Letter: Anderson County Commission needs wake-up call

Anderson County is a wonderful place to live and work. Our economy should easily out-perform Knox County’s. Yet, we consistently fail to do so—and our County Commission seems to be asleep. Between 2000 and 2010, Anderson County grew at only 41 percent of Knox County’s growth rate. That’s unacceptable.

Over the next decade, Anderson County taxpayers will pay close to $2 million in salary and medical/dental/retirement benefits for its county commissioners. The commission needs to get focused and get busy. Our economy was dealt a significant blow when the commission opted for an expensive jail expansion. Commissioners could have sought support from a newly-elected Republican governor for more time to resolve jail overcrowding through less-costly administrative means—but did not. Instead, they chose the jail expansion, ignoring its impact on our taxes and our economy.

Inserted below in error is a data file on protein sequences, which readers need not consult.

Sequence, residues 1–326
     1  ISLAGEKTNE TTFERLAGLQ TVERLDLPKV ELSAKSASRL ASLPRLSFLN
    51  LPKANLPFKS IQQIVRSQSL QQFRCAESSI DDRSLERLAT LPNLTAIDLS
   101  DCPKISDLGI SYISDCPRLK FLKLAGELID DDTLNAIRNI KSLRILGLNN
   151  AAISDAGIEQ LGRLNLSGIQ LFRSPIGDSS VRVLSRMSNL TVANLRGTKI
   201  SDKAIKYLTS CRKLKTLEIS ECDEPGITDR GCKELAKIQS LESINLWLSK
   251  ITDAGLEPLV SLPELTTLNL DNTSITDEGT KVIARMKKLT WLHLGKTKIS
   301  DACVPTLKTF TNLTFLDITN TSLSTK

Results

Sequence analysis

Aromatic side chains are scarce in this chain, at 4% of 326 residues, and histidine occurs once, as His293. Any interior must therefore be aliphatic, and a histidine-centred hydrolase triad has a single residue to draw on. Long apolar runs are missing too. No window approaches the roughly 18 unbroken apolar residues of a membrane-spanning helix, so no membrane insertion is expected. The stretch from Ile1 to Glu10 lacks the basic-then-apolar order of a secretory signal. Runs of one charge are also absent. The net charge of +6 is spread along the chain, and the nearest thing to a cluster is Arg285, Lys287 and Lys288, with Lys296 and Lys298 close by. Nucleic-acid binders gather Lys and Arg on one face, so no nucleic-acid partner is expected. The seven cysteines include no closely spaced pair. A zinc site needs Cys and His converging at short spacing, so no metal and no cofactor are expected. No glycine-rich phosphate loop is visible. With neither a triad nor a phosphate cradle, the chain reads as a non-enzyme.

The commissioners made a second error when they passed the jail expansion without dealing with the new jail’s increased operating costs. This mistake drove jail costs even higher and raised the real possibility of a second tax increase. Thankfully, a second increase was prevented by the efforts of Mayor Frank. [Read more...]